Conclusions
In this large survey of ACS patients from 25 countries in Europe and the Mediterranean basin, we found that old age remains a strong predictor of increased hospital mortality across all types of ACS. Old patients with ACS have their hospital course frequently complicated, in particular, with heart failure. Young patients had comparatively low mortality, four out of ve deaths were in patients  65years, indicating that improvement in hospital care for older patients may potentially save a substantial number of lives. However, more detailed data with respect to comorbid conditions and contraindications are needed to estimate the size of this potential benet.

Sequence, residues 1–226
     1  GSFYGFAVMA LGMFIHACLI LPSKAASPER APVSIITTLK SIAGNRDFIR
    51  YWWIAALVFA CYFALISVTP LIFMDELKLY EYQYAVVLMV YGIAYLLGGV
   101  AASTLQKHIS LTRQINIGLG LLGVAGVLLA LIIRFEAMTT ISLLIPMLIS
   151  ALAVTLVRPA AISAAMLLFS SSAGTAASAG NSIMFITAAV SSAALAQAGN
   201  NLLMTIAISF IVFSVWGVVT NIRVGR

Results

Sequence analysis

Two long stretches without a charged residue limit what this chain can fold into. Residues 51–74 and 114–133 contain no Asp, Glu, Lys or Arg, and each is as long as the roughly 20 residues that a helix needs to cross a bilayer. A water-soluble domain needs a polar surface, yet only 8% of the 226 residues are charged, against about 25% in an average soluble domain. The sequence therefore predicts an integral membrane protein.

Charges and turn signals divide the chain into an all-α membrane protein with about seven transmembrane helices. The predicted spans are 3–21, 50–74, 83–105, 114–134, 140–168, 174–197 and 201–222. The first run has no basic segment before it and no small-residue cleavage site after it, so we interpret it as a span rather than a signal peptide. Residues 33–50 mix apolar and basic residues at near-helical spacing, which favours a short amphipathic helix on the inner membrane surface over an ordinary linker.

Age and acute coronary syndrome

795